Chatroom rape fantasies woman jailed for six years

Joanne Berry Joanne Berry was jailed after being found guilty at Maidstone Crown Court

A woman who used internet chatrooms to try to arrange for strangers to rape a former work colleague has been jailed for six years.

Joanne Berry, 30, from Grove Park, south-east London, said she liked role-play and invited men to act out violent "rape scenarios" with her.

But instead of giving her own address she gave that of the work colleague in Kent.

A judge said Berry may have held the victim responsible for losing her job.

One man tried to barge into the victim's home, but aborted the plan when he realised they had both been set up.

'Irrational vendetta'

Berry was convicted at an earlier hearing at Maidstone Crown Court of putting a person in fear of violence, assault with the intention of committing a sexual offence, common assault and attempting to cause a person to engage in sexual activity without consent.

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That (the victim) was not in fact raped or seriously sexually assaulted is entirely fortuitous”

End Quote Judge David Griffith-Jones QC

Judge David Griffith-Jones QC said Berry had developed an "irrational vendetta" against the victim who had only shown kindness towards her.

She found a chatline through which she made contact with a man known in court as "DH", who gave evidence during the trial.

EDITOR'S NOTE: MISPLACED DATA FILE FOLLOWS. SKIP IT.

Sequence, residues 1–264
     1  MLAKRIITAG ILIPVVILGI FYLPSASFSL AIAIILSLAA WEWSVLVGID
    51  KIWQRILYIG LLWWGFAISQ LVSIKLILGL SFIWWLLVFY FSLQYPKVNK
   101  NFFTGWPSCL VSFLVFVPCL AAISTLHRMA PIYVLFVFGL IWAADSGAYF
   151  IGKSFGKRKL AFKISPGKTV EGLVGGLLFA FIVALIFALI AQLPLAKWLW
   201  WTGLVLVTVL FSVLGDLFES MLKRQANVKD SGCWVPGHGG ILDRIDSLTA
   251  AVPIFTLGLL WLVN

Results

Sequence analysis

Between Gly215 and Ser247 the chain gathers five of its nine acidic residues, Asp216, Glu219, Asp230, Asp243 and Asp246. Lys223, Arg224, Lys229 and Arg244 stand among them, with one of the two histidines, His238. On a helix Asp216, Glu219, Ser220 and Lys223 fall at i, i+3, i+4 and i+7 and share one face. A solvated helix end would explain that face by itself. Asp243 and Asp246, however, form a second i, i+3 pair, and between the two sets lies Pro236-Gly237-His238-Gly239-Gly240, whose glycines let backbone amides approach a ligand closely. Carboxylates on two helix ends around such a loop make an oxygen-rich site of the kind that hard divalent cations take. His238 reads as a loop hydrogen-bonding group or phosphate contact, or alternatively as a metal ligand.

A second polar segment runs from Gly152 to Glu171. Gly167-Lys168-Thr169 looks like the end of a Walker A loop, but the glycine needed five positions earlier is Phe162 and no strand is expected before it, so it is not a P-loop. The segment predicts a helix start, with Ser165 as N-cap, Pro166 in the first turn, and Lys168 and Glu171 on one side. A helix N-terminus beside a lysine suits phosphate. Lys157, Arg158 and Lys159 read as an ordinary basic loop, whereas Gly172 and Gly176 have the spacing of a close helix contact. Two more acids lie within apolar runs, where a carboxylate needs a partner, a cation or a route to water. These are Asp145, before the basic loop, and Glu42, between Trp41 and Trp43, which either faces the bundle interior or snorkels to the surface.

Eventually Berry persuaded DH to come to "her home", knock on the door and "rape" her, but she gave him the victim's address.

The judge said her behaviour was wicked and calculating.

"That (the victim) was not in fact raped or seriously sexually assaulted is entirely fortuitous," he said.

Part of a victim impact statement was read out at court. The woman described how the ordeal had left her suffering panic attacks.

She now refuses to sit out in the garden on her own because she fears men may force their way in and she panics when someone knocks on her door.

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According to Dr Ben Oldfield, a lecturer in cyber psychology at Nottingham Trent University, crimes involving the malicious theft of online identities are on the rise.

"A lot of these forums only need a name, a date of birth and an email address for you to create an account," he said. "You might have set up that account only two minutes before - they don't check," he said.

"Sex chat rooms present very distinct risks and while their malicious use in this way is thankfully rare, it is an unfortunate by-product of the kind of things that are on the internet.

"It's very tempting to think there must be some legislation out there to stop people doing this but, as horrible as it may be, I'm not sure you can legislate against this darker side of human nature."

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